Read a book about the outdoors
Staying inside and reading a book might sound like the opposite of an ‘outdoors goal’, right? There is some entertaining and informative literature out on those shelves in the world that can help improve your experience, or give you inspiration to venture to new places.
For instance, an author’s account of their hike across South America might give you inspiration for your next big trip, or even a coffee table book of beautiful landscape photography will help you find new places to explore in your own backyard.
Explore somewhere new
A new year is a time for new adventures. Break out that map and draft a list of places you’ve ever wanted to see or explore. Whether it is the year of backpacking around the world, or squeezing adventures into weekends, any adventures big or small are worthwhile if it leaves you excited, happy and wiser than before.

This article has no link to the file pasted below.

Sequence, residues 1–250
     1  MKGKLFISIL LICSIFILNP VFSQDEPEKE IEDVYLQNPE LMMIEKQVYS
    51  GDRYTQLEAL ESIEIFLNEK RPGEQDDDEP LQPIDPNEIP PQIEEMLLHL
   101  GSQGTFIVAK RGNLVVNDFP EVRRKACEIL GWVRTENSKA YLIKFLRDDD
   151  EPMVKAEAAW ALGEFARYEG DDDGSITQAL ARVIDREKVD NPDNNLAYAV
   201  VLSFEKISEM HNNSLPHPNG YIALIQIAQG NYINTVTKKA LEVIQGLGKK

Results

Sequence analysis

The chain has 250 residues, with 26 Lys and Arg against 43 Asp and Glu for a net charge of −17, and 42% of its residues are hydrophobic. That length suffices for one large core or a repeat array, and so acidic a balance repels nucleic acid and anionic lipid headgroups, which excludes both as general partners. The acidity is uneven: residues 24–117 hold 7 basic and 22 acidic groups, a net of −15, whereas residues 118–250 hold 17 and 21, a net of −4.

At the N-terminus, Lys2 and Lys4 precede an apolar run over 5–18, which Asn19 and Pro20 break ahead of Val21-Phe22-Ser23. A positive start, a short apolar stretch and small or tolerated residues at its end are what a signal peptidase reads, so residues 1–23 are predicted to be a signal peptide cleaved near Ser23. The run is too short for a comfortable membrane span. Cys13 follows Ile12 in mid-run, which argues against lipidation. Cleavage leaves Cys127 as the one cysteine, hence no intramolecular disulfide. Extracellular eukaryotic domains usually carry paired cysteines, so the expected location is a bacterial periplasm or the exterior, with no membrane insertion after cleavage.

Learn about some of the natural history/heritage of your favourite outdoors area
Initially this outdoors goal might sound odd. How can reading history books improve my understanding of nature?
Humans have been shaping their landscape for thousands of years. We’ve been quarrying mountains, building lakes, constructing roads and more since before written records began. Time and nature has reclaimed some of these spaces and can make them difficult to detect, but knowing a few tell-tale signs can completely change your perspective of landscapes.
OS maps are good place to start, but if you want to delve deeper then I would recommend Hidden Histories by Mary-Ann Ochota, The Old Ways by Robert MacFarlane, and Ancient Tracks by Des Hannigan and Simon McBride to start.
Have you got any outdoors goals for 2019? Share them below and inspire others!